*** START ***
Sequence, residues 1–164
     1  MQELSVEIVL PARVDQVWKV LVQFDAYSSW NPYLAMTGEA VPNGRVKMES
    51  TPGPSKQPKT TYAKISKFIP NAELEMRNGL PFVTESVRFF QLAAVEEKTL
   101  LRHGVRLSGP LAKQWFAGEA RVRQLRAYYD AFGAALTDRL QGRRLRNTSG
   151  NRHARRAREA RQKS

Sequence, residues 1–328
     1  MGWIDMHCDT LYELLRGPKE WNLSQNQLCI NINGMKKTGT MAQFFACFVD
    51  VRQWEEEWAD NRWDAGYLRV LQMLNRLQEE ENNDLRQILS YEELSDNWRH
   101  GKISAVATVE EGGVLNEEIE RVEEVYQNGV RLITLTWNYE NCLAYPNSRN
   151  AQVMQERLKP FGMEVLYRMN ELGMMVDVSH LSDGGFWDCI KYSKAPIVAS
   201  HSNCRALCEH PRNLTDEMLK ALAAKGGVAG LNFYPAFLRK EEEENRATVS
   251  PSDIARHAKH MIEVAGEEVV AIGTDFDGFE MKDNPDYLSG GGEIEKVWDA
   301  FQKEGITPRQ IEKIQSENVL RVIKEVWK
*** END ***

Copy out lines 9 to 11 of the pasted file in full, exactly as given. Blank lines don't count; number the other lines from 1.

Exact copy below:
   101  GKISAVATVE EGGVLNEEIE RVEEVYQNGV RLITLTWNYE NCLAYPNSRN
   151  AQVMQERLKP FGMEVLYRMN ELGMMVDVSH LSDGGFWDCI KYSKAPIVAS
   201  HSNCRALCEH PRNLTDEMLK ALAAKGGVAG LNFYPAFLRK EEEENRATVS